Cases reported "Hemangiosarcoma"

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1/246. Angiosarcoma. A rare secondary malignancy after breast cancer treatment.

    life-saving mastectomy and radiation therapy are established in the treatment of early stage breast cancer. Angiosarcoma, i.e. malignant angioendothelioma, is a rare tumor which can develop after several years of such treatment. The number of post-operative and post-irradiation angiosarcomas has increased in recent years. We report four cases of angiosarcoma which occurred after treatment of breast cancer and review the literature. In two of these cases the angiosarcoma developed on the irradiated breast skin after partial mastectomy and radiation therapy, in the other two cases the angiosarcoma appeared on a chronically edematous arm after radical mastectomy and radiation therapy.
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ranking = 1
keywords = cancer
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2/246. Intra-abdominal angiosarcomatosis after radiotherapy.

    BACKGROUND: We report a case of a 61-year-old Japanese woman who developed intra-abdominal angiosarcomatosis 20 years after receiving radiotherapy for squamous cell carcinoma of the cervix. methods AND RESULTS: The surgically resected portion of the ileum showed diffuse proliferating angiosarcoma, with irregular channels lined by atypical vascular endothelial cells. Immunohistochemical studies showed that the tumour cells were positive for factor viii-related antigen and ulex europaeus agglutinin 1. At autopsy, the tumour had disseminated to the peritoneum and invaded into the right thoracic cavity. CONCLUSIONS: These findings were compatible with radiation-induced angiosarcomatosis.
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ranking = 42.327285058746
keywords = radiation-induced
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3/246. Angiosarcoma of the chest wall.

    Angiosarcoma is a rare and highly malignant tumor of vascular origin. The causative factors include trauma, radiation, foreign bodies, thorium dioxide, and viral infections. We report a case of angiosarcoma occurring in a thoracotomy incision 17 years after operation for stage I lung cancer.
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ranking = 0.16666666666667
keywords = cancer
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4/246. gliosarcoma with angiosarcomatous features: a case report.

    A surgical case of gliosarcoma in which the mesenchymal component showed angiosarcomatous features is reported. The neoplasm was extirpated from the right cerebral hemisphere of a 76-year-old man who presented with left hemiparesis and headache, and it was composed of both anaplastic astrocytomatous and sarcomatous elements. The sarcomatous element was composed of a proliferation of atypical endothelial cells that had pleomorphic, mitotically active nuclei and formed vascular lumina of irregular shapes or solid cellular sheets, and was accompanied by the deposition of collagenous matrix. The cytoplasm of some of the atypical endothelial cells was immunohistochemically positive for vimentin, factor viii-related antigen, CD 34, and thrombomodulin. The MIB-1 labeling index of the sarcomatous component was higher than that of the astrocytomatous component.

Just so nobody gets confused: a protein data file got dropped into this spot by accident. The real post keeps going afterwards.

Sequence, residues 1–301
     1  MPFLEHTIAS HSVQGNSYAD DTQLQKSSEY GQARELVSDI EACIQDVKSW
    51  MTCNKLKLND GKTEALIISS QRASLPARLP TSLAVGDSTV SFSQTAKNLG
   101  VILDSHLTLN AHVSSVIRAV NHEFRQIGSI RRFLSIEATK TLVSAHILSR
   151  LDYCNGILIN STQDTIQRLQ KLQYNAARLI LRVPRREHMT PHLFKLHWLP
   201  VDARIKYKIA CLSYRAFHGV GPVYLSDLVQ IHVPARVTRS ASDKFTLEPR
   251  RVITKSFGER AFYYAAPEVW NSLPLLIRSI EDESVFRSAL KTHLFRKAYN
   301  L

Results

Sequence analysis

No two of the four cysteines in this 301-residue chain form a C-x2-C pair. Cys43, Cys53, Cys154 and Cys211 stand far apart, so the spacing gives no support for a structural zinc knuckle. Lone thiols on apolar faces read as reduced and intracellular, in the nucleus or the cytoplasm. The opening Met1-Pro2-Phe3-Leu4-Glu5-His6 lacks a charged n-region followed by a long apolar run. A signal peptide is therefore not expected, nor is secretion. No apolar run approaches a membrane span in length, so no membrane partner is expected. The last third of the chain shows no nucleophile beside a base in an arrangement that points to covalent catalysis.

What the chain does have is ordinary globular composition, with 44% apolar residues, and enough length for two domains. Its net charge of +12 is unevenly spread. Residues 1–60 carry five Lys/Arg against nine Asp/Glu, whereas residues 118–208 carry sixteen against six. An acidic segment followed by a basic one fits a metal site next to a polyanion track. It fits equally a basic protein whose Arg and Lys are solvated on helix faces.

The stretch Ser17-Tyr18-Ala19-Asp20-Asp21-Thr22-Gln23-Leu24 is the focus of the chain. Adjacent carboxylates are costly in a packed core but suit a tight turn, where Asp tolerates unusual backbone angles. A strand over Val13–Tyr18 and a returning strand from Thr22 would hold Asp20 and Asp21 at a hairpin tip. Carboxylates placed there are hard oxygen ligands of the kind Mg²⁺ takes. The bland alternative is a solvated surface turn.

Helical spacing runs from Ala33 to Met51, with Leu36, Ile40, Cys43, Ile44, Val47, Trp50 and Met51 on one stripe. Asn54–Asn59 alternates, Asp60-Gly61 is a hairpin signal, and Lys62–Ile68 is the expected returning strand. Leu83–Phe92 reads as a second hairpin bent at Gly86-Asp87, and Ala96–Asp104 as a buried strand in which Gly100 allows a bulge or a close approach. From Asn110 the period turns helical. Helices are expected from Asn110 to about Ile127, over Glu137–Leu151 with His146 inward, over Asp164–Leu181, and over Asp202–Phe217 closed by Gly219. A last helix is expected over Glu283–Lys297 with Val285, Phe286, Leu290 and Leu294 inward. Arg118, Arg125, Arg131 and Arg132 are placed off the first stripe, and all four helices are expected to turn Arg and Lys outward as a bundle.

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ranking = 2.1547731416611
keywords = neoplasm
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5/246. Angiosarcoma of the testis.

    A primary angiosarcoma of the testis in a 74-year-old patient was a highly anaplastic epthelioid angiosarcoma, which was positive for endothelial markers immunohistochemically. The tumour was unrelated to testicular germ cell neoplasm; the patient had received no previous radiation or chemotherapy.
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ranking = 2.1547731416611
keywords = neoplasm
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6/246. Cardiac angiosarcoma: early diagnosis. A case report.

    Malignant tumours are rare and their diagnostic verification is more frequent at a post-mortem examination. We present a clinical case of a angiosarcoma of the atrium dextrum in a patient where the diagnosis was done precociously. The clinical case we are describing presents some characteristics not noted in literature. The patient did not present any other clinical signs other than giving assumption of the presence of neoplasm and/or secondary localization. The transthoracic echographic exam revealed the methodology to enable the removal of the neoplasm, the outline of which, was better defined with the transesophageal probe.
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ranking = 4.3095462833223
keywords = neoplasm
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7/246. Ruptured primary splenic angiosarcoma into the colon. Presentation as anal bleeding.

    A 71-year-old woman presented with a six month history of constipation and abdominal discomfort, with anal bleeding during the last days. ultrasonography and CT-scan of the abdomen showed a large heterogeneous mass that was located in the splenic region, but the nature and origin of the tumour could not be clearly established preoperatively. The clinical diagnosis was of abdominal tumour with colonic and splenic involvement, and a left hemicolectomy and splenectomy were performed. Pathologic examination revealed a primary angiosarcoma of the spleen with penetration and fistulization of the tumour into the large bowel. The patient received adjuvant radiation therapy, but she died of extensive metastastic disease from her primary angiosarcoma of the spleen nine months after surgery. In summary, splenic angiosarcoma is very difficult to diagnose preoperatively. This highly aggressive neoplasm has an overall poor prognosis, specially if it is associated with rupture and haemoperitoneum. As this case highlights, unusual forms of rupture may lead to atypical clinical presentations, increasing even more the difficulty in the diagnosis.